• Clip silly or pretty pictures from magazines as you come across them.  Glue them onto paper in a collage to make a card, or glue just one very neatly on the front of the card and maybe draw a fancy border around it or give it fancy edges with pinking shears or scallop scissors.
  • Use those greeting cards that come free in the mail from various charities.  If they aren’t your style, draw in extra bits or add stickers for ironic humor.

Now for some other thrifty tips I don’t think I have mentioned before . . .  Read more…

It’s like we’re related or something.

I have a very good memory for details.  The best I can explain it is that I retain a lot of details from my experiences and reading, and they are connected to one another in a massive and complex web that I nonetheless find very easy to follow, moving along from one irrelevant-sounding detail to another until I find the fact I seek.  Although this process is very pleasing to me, I’ve gradually become aware that many people find it boring or irritating even to hear about, so I try to avoid spelling out how I retrieved the information in favor of getting on with what I’m saying.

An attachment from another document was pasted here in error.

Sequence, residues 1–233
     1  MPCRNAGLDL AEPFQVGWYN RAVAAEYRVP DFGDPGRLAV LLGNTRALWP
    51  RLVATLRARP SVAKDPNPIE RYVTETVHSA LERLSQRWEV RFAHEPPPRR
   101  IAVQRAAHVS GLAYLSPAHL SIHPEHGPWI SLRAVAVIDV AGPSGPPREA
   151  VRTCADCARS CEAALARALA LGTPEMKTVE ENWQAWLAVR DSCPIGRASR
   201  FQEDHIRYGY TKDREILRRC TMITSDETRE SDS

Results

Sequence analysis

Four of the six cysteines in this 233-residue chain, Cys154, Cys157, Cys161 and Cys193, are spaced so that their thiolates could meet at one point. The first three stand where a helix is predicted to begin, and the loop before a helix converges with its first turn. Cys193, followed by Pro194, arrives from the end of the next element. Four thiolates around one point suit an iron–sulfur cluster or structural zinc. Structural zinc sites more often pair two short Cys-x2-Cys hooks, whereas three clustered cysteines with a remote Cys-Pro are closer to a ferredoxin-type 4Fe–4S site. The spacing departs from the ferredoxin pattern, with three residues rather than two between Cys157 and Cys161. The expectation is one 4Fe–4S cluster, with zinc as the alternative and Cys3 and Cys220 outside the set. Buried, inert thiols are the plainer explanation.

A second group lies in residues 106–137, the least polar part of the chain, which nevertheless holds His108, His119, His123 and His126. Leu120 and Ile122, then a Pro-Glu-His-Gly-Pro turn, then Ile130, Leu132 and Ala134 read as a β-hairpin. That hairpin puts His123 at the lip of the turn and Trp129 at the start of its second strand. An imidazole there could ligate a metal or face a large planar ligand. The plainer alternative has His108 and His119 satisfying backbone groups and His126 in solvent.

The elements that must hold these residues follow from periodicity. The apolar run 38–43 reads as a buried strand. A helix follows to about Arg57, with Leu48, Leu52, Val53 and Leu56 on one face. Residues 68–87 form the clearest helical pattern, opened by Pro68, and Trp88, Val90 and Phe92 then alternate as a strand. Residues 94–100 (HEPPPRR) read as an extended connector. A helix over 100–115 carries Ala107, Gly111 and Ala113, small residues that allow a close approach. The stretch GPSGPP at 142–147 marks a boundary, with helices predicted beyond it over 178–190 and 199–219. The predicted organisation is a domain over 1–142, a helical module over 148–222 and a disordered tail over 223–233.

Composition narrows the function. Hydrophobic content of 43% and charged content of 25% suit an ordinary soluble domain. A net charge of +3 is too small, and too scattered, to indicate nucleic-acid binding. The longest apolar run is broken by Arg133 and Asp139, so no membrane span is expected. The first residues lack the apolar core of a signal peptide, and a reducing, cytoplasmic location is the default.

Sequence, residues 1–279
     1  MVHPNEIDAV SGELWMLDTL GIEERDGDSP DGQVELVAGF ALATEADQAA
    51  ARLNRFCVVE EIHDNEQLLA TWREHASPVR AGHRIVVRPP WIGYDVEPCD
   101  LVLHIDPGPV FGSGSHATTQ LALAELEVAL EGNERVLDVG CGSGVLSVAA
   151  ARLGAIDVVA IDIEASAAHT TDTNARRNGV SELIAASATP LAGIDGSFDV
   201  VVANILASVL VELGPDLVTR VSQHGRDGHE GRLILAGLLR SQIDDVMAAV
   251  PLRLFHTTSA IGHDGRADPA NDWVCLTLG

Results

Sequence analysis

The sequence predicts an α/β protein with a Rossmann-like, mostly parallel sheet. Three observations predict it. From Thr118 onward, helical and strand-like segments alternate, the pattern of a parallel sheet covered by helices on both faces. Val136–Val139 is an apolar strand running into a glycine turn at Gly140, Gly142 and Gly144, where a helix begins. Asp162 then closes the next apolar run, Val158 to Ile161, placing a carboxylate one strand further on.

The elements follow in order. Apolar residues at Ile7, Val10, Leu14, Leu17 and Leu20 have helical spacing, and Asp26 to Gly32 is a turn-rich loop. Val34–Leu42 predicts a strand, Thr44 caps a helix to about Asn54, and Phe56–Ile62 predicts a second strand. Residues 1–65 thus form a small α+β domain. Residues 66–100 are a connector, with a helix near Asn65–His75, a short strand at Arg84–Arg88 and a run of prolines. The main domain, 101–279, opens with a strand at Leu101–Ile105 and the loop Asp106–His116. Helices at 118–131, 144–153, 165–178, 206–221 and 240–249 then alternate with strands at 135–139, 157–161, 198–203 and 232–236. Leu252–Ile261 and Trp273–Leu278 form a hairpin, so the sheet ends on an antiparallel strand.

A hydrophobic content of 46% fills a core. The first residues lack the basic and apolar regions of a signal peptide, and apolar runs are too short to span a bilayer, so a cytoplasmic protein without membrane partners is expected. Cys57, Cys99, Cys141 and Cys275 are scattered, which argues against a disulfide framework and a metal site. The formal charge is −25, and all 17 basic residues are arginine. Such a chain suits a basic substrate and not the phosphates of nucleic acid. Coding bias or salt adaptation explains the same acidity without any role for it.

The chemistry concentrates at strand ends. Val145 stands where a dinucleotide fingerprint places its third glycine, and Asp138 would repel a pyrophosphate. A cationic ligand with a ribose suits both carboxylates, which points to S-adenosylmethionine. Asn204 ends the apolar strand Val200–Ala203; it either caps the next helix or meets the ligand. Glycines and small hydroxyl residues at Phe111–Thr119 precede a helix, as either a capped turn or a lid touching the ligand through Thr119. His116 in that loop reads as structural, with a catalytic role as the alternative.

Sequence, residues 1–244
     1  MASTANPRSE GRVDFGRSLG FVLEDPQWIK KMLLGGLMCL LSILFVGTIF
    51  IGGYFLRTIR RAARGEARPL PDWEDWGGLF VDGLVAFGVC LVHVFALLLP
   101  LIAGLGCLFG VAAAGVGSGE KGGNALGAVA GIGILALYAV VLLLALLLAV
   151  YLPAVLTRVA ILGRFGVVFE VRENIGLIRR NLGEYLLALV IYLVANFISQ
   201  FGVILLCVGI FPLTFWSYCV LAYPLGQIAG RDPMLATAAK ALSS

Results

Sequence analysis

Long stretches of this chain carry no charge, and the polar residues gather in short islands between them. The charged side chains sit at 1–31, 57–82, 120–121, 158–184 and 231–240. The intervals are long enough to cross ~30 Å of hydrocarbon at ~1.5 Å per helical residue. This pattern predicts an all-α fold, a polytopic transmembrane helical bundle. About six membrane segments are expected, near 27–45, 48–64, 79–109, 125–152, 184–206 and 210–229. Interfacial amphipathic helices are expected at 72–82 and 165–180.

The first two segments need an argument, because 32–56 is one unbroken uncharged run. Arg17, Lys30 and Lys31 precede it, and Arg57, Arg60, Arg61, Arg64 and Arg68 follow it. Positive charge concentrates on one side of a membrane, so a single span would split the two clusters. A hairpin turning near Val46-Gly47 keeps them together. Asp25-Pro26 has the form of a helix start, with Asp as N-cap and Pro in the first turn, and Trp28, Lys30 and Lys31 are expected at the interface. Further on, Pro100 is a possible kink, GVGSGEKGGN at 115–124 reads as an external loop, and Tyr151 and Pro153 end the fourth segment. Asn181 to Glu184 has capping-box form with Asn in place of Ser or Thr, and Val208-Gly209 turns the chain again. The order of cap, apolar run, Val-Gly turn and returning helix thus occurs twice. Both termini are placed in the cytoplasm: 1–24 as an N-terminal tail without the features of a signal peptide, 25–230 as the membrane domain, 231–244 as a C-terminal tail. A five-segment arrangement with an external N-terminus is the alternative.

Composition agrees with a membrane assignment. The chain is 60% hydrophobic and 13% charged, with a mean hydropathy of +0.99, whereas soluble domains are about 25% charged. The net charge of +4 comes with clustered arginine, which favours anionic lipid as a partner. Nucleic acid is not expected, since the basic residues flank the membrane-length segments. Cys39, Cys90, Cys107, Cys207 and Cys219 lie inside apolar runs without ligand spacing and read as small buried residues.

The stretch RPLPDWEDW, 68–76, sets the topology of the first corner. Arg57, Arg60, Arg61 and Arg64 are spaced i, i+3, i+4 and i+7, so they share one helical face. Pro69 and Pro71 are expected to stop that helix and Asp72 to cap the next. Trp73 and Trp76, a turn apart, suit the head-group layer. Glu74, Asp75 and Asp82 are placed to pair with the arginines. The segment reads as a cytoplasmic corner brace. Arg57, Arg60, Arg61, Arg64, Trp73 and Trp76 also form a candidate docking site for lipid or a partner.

I don’t know if I taught this thought process to my 7-year-old son or it’s inherited, but a few days ago we had the following conversation:

NICK: There’s a certain toy I really need to have, but I’m not sure what to call it.  What’s that dip made from avocados? Read more…

How the Dishwasher Changed Our Lives

A little over a year ago, we got a new dishwasher and became (for the first time in my life) a household that uses a dishwasher routinely.  Read my previous article for lots of information on how dishwashers actually use less water and energy than washing dishes by hand, and read the comments for important details on water-heating and pre-rinsing.  Now I’ll give some updates on what we’ve learned in our year with a dishwasher.

I went from spending about 4 hours a week hand-washing dishes to spending about 1 hour a week–I still have to hand-wash these items: Read more…